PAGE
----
hymns have been lost, but three survive: one about Jesus' temptations in the
wilderness; another about Easter; and a third, on the Trinity, seventy
He was one of the most prominent and esteemed theologians of his time.
his writing could be stern and uncompromising, he was a gentle, calm, pious,
polite, and friendly man. This face of Hilary can be seen in the still
letter that he wrote during his exile to his 13-year-old daughter in which
acquaints her with the inestimable riches Christ wanted to bestow on her if
would forego all earthly things, including spouse, fine garments, and
Most of Hilary's writing is difficult to read because his style is rather
convoluted to the point of obscurity. Origen, who was condemned long after
death because of the twists some of his followers took, strongly influenced
Hilary's writings. In addition to the previously mentioned commentaries on
Matthew's Gospel, Homilies on the Psalms, and De synodis, Hilary wrote Opus
historicum and much on the Arian controversy. His writings are also useful
their historical insight.
Returning to Gaul, Hilary travelled through Illyricum and Italy,
the morale of weaker Christians, and was received enthusiastically by the
of Poitiers. During his exile, no one replaced the saint as bishop of
The priests preferred, instead, to pretend that he was still with them. His
letters home during his exile showed that he was afraid, had little to eat,
was surrounded by enemies.
Upon his return to Poitiers, he had Arianism condemned by the Senate, set
reform, preaching and pastoral work with increased ardor. He convoked a
Gaul and condemned the synod of Rimini (359). Saturninus was excommunicated
deposed. Constantius died at Poitiers in 361, and the Arian persecution
In 364, Hilary went to Milan to engage its usurping Arian Bishop Auxentius
public dispute. His early training as an orator made him so successful that
Auxentius's protector, Emperor Valentinian, ordered him to leave Milan. His
greatest achievement was the re-establishment of order in the Church of his
All of Hilary's writings breathe a vein of extraordinary piety. He held it
the great work of his life to use all his faculties to evangelize and excite
men to the love of God. He earnestly recommended the practice of beginning
ending every action and discourse with prayer, to pray always and remember
all we do should praise and thank the Lord.
Hilary's relics have been moved several times. Some parts appear to be in
Limousin; some burned by the Huguenots in Poitiers; but most of his remains
in the abbey of Saint Denys, near Paris. Venantius Fortunatus, a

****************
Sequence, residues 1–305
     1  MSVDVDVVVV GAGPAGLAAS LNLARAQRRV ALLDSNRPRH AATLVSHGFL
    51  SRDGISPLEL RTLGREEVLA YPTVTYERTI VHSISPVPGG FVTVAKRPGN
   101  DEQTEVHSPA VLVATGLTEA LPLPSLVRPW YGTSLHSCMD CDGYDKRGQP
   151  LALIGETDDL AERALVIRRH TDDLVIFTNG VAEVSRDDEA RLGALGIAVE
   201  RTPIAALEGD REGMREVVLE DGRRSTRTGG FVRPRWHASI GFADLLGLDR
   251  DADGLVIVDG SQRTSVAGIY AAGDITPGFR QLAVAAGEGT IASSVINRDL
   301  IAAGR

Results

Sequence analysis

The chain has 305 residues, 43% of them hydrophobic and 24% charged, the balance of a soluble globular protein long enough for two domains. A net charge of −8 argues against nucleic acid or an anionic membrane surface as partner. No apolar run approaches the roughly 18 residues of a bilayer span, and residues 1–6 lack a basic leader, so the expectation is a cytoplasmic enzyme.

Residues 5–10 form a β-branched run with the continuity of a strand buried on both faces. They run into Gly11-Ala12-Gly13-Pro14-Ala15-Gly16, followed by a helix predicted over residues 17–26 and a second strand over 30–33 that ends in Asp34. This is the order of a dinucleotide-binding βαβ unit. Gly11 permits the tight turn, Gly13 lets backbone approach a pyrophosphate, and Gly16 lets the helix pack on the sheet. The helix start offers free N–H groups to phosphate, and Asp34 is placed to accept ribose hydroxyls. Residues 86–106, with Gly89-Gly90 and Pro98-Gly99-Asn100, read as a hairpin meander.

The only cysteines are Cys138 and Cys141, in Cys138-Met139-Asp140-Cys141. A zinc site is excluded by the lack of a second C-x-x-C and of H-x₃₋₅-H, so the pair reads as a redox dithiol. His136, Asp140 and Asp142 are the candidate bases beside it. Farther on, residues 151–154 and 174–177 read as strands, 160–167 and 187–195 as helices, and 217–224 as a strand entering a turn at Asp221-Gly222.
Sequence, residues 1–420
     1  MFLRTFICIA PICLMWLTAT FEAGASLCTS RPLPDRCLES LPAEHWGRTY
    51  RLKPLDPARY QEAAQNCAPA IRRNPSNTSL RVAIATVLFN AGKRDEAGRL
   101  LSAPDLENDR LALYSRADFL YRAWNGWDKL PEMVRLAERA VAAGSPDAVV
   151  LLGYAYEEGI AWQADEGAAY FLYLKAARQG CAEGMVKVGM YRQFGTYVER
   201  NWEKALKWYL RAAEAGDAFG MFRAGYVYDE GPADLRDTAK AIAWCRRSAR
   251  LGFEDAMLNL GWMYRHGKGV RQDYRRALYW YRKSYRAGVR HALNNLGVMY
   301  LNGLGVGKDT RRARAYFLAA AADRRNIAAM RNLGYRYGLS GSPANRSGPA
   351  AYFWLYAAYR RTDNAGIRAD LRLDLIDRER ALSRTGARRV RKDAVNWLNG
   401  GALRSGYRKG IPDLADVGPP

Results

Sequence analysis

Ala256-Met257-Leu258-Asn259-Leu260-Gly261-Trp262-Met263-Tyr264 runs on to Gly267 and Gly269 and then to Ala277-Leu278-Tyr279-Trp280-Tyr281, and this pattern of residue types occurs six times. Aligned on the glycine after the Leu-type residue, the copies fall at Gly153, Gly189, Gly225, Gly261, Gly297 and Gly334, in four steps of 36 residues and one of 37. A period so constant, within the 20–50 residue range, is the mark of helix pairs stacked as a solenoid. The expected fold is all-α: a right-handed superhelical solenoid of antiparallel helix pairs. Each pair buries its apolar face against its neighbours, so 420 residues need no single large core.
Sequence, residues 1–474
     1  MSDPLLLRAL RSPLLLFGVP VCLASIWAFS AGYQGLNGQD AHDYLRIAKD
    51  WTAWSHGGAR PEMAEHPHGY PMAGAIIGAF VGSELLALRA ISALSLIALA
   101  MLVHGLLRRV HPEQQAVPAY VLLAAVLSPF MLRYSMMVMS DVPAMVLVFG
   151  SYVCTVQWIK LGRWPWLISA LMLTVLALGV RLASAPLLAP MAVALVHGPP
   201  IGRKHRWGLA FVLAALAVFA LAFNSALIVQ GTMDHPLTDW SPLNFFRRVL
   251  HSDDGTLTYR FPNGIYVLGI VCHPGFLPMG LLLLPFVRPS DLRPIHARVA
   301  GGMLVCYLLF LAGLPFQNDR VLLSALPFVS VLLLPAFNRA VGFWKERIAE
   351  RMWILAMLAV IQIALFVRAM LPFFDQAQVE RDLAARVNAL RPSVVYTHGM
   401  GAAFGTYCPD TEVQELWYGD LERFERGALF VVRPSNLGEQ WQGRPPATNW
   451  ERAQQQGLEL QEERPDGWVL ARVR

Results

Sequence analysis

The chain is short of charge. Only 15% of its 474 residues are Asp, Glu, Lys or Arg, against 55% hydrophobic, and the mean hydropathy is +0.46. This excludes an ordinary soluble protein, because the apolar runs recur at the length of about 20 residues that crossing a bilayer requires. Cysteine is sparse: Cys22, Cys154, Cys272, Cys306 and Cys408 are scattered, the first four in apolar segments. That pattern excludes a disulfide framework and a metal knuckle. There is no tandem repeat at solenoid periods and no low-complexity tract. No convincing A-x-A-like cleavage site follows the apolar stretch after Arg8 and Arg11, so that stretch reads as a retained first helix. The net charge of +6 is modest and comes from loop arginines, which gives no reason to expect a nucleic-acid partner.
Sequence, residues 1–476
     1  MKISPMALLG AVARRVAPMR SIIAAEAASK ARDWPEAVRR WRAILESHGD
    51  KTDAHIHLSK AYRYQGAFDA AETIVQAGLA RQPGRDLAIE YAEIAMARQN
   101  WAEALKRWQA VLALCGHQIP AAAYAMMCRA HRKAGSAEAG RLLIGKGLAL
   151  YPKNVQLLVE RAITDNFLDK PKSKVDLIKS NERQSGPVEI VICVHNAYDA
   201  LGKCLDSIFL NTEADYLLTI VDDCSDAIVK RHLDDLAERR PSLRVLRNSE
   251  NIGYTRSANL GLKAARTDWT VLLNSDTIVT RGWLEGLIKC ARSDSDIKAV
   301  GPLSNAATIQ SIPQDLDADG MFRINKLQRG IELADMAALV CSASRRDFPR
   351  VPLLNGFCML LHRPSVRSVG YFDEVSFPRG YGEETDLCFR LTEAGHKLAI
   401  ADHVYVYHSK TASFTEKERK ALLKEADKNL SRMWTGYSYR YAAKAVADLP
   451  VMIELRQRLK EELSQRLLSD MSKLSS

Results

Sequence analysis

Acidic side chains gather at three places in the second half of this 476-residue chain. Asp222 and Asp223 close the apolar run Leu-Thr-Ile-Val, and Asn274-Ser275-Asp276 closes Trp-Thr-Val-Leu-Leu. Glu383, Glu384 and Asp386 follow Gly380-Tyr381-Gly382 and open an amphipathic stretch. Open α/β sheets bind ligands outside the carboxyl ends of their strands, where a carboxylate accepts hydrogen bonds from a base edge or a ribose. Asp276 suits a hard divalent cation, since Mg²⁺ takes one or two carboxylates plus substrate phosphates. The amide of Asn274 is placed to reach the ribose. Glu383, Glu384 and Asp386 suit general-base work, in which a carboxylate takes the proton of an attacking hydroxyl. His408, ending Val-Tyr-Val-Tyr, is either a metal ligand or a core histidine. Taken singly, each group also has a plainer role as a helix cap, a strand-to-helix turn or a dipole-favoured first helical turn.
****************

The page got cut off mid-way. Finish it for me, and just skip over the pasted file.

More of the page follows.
related many of the miracles wrought by Saint Hilary during his lifetime;
Gregory of Tours and others recorded many that occurred at his tomb.
The spring term at the Law Courts in England and at Oxford University are
for him-the Hilary Term-as are three English churches (Attwater,
Bentley, Butler, Delaney, Encyclopedia, Farmer, Husenbeth, Walsh, White).
He is portrayed in art holding an open book of the Gospel; or as a bishop
three books; or with a child (sometimes in a cradle at his feet, raised to
by him); or with a pen or stick (White). Roeder says that he is identified
desk with books and a child in its cradle at his feet (so he is sometimes
confused with Saint Ambrose). Sometimes he is shown with Saint Martin of
(because he was his friend and spiritual director); or with a snake and
In a picture by the Master of Liesborn in the National Gallery of England is
Saint Hilary in armor, with SS Ambrose and Jerome. In view of the two
whose company he is, it seems likely that this should represent the great
of Poitiers, friend and teacher of Saint Martin of Tours, who began his
as a Roman officer. Saint Hilary, though a patrician by birth, is usually
represented as a bishop and scholar rather than a knight (Roeder).
He is the patron of retarded children and invoked against snakes (Roeder).
To those who wish to stand in God's grace, neither the guardianship of
nor the defenses of angels are wanting.
-Saint Hilary: Commentary on the Psalms, 365AD
"Little children follow and obey their father. They love their mother. They
nothing of covetousness, ill-will, bad temper, arrogance and lying. This
of mind opens the road to heaven. To imitate our Lord's own humility, we
return to the simplicity of God's little ones."
-Saint Hilary of Poitiers.
Take ye away therefore the talent from him, and give it to him that hath ten
talents. (Matthew 25:28)
Saint Anthony, Disperser of Devils
Dear St. Anthony, it is still as St. Peter said: The devil prowls
about, lion-like, looking for someone to devour. I confess that
I don't always resist him; I sometimes toy with temptation. St.
Anthony, Disperser of Devils, remind me of my duty to avoid
all occasions of sin. May I always pray in temptation that I
may remain loyal to my Lord Jesus. Pray for my other
intentions, please. (Name them.)